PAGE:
boys seem to think after three or four months, 'That's it. The relationship seems to be
established now. Don't you think we could go onto the next part of it?' And I think girls are
more wary about, um ... the first thing that pops into their head is AIDS and pregnancy. But
they've also got to think of VD as well, though it does make me feel differently because it's
me who's going into that clinic and it's me actually sitting down and saying, 'Well, I've either
caught AIDS or I've caught VD' or 'I think I've got cervical cancer' - something like that.
Q. So what sort of things could be done to help young people realise what the risks are?
You seem to realise them pretty clearly and your friends as well, as far as you know. But a
lot of young people seem to think there's something irrelevant to them, that they're not in a
situation where it would affect them. What kinds of things do you think could be done to
help make people see what the situation is?
A. Um, well, for the younger people, myself, I think, OK, girls will be able to talk about it
more clearly because they are supposed to mature quicker than boys. Girls will speak their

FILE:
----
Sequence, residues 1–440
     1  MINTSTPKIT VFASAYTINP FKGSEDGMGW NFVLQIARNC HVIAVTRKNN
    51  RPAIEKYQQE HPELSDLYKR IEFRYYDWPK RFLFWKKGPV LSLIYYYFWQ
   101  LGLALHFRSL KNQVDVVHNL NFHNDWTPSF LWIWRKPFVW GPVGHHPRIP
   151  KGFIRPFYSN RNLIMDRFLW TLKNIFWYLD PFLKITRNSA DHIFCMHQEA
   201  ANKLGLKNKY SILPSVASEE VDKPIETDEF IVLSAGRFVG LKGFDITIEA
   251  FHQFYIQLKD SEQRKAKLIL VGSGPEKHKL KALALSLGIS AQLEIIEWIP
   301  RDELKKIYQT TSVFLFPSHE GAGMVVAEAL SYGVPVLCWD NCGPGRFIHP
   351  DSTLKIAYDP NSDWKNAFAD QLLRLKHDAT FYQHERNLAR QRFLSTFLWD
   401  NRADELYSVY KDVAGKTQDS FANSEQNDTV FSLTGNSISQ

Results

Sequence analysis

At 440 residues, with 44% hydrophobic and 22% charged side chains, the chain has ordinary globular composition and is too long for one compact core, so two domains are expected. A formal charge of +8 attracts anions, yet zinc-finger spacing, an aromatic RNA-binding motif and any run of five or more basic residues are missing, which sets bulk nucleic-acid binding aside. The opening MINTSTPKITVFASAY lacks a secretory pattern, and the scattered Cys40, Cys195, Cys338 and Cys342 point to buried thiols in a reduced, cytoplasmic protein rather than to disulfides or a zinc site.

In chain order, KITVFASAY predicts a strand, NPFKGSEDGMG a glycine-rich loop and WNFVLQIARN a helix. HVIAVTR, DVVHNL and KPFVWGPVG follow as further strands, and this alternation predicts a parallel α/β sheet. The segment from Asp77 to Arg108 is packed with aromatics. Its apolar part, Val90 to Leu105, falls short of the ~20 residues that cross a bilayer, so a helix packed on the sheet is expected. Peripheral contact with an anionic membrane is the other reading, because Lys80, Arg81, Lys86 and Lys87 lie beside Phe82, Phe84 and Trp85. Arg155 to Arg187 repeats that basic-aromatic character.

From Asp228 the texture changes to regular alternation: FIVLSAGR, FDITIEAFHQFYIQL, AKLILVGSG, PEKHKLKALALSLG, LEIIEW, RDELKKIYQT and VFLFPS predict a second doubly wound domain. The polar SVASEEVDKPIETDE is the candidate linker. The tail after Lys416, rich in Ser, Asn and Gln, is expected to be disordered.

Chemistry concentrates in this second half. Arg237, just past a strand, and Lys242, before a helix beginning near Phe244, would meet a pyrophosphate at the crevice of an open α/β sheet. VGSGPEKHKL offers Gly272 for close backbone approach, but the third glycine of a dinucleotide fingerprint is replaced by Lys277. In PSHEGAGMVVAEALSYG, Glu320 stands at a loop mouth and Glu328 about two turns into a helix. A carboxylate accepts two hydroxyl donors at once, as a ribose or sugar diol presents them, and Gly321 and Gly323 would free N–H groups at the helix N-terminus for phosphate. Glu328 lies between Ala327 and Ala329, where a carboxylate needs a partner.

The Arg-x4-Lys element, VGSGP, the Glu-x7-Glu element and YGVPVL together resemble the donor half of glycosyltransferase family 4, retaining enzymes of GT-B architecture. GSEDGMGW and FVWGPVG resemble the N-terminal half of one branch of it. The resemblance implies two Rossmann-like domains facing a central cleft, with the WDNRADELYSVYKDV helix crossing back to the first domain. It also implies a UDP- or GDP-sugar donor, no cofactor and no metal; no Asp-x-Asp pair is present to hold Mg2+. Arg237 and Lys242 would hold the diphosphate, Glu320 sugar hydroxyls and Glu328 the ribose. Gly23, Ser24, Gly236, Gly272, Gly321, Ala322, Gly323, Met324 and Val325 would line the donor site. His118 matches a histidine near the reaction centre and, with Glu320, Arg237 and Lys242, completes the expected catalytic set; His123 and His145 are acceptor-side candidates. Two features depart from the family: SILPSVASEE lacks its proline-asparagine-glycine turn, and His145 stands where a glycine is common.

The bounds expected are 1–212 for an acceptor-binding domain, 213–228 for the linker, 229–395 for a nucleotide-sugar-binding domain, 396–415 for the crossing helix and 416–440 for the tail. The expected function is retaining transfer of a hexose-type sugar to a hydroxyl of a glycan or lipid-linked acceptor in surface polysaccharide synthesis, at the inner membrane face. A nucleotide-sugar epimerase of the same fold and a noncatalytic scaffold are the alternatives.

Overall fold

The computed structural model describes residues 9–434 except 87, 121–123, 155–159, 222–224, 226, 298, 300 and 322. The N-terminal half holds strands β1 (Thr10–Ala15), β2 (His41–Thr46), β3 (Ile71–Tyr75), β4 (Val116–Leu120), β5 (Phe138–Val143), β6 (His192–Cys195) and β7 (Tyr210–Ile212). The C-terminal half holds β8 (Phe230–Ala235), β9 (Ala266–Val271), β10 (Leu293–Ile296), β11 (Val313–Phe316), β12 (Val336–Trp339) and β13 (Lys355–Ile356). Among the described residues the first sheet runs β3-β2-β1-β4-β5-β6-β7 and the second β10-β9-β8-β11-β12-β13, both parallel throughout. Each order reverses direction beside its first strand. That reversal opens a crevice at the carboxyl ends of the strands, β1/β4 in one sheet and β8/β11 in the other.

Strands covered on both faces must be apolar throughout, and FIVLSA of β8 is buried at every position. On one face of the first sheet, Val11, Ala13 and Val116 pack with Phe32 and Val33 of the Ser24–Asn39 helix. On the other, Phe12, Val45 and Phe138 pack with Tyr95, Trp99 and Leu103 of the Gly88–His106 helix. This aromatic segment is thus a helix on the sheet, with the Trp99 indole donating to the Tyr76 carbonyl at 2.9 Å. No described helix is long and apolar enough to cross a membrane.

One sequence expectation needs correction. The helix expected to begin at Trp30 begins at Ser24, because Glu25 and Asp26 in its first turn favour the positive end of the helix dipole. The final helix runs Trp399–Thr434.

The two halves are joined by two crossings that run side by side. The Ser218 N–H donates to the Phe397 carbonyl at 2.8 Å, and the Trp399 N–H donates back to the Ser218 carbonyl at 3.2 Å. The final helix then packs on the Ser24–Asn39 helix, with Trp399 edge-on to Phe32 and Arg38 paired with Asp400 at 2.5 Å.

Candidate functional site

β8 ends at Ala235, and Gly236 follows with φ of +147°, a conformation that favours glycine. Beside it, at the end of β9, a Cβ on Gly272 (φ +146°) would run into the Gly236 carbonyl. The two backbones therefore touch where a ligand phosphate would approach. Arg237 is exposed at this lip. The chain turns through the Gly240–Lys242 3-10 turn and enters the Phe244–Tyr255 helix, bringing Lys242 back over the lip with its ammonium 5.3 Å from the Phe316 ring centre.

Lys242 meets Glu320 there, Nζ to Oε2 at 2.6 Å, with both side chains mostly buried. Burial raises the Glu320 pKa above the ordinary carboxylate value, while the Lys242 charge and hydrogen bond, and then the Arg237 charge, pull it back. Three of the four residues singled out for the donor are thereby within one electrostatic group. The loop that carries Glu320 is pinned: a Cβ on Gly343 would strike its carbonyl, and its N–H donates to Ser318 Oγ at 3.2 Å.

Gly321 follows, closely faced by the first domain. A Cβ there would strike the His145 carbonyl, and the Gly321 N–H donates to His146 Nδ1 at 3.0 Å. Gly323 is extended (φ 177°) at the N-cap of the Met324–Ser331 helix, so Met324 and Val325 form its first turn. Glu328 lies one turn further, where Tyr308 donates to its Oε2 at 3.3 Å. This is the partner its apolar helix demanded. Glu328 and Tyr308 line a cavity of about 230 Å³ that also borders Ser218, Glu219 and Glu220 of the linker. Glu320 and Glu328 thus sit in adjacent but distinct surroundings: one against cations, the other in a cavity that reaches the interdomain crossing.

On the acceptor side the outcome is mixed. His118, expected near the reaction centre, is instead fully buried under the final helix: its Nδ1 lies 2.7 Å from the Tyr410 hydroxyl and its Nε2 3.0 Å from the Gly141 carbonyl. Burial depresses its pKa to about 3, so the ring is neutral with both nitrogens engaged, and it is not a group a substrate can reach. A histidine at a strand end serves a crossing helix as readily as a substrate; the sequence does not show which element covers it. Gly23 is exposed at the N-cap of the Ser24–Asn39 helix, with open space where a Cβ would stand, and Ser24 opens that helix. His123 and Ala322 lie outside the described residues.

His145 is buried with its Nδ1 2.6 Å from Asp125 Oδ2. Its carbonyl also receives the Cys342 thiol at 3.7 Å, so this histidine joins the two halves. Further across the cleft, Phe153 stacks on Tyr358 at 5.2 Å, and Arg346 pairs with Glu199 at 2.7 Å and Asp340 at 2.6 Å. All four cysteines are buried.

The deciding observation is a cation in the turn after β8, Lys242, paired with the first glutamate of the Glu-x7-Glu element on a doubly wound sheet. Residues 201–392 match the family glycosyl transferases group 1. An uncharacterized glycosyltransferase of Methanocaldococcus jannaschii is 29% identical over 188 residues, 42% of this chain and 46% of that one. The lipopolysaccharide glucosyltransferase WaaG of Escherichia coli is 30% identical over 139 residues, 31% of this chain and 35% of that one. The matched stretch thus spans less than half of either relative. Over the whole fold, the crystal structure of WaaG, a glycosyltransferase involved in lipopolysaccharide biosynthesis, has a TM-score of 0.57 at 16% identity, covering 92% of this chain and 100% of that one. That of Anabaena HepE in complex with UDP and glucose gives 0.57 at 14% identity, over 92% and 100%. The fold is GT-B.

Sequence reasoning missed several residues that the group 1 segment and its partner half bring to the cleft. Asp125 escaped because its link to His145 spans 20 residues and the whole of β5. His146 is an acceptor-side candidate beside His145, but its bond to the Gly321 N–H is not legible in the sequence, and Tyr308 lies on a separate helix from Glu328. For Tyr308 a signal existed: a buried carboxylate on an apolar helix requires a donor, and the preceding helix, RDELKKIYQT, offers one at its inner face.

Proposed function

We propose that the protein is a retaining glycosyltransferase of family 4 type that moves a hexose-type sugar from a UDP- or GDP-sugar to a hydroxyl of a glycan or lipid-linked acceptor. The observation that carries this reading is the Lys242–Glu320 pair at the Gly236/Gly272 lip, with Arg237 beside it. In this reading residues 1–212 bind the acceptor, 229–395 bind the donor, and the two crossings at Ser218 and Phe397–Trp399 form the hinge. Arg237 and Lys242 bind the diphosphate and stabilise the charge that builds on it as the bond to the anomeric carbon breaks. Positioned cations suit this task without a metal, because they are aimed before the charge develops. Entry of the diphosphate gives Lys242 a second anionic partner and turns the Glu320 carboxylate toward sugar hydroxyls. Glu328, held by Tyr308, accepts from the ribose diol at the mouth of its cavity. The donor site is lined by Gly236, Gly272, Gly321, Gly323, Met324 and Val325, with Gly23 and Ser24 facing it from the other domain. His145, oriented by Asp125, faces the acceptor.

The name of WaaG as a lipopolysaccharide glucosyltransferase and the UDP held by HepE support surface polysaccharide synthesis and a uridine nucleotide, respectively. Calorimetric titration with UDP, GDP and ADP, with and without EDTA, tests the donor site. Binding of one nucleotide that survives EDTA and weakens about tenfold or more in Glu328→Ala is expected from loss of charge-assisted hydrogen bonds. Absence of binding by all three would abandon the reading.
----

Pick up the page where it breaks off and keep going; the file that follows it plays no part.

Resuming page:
mind clearly whereas boys just do it cos they can say, 'Well, that's another notch up on my
bedpost.' Boys aren't really bothered. They don't have to worry about getting pregnant. If
they've caught something, I don't think they're really that bothered. They'll just go to the
doctor and think, 'Oh, I can get a few pills and it will go away.'
Q. So you think it's the boys who need to be educated?
Q. When you talk about that ... do you think there's a double standard going on, like one
rule for the boys and one rule for the girls?
A. No, I don't think that there should be any rules. I think that if two people are able to
communicate with each other honestly, then there shouldn't be no problem. But I don't
think boys should actually force themselves upon girls because they read in the papers
about these girls of fourteen, fifteen and they get so infatuated with boys that they'll do
anything to keep them. And I think that's where girls go wrong a bit. They become too
infatuated by a boy and they are giving themselves totally and the boy could be just using
them, and I think that's where the boys are probably getting their really dull attitudes from just too many girls that throw themselves at boys.
Q. Yeah, yeah. Why do you think they do that? Do you think ... what makes them do that ...
girls throwing themselves at boys?
A. Well, when a girl sees a boy that she really likes, I mean, some girls you'll get that are
very very shy and some girls you'll get that are very very forward ... like everyone else, we
come in all different sizes and packages ... but, I think girls are more likely to say to their
friends, 'Well, I really like him. Set me up with him.' And the boy will just say, 'I don't really
like her' and they'll say, 'Go on. Just go with her for one night. You don't have to worry
about it you can just blank her after that, you don't have to see her again if you don't want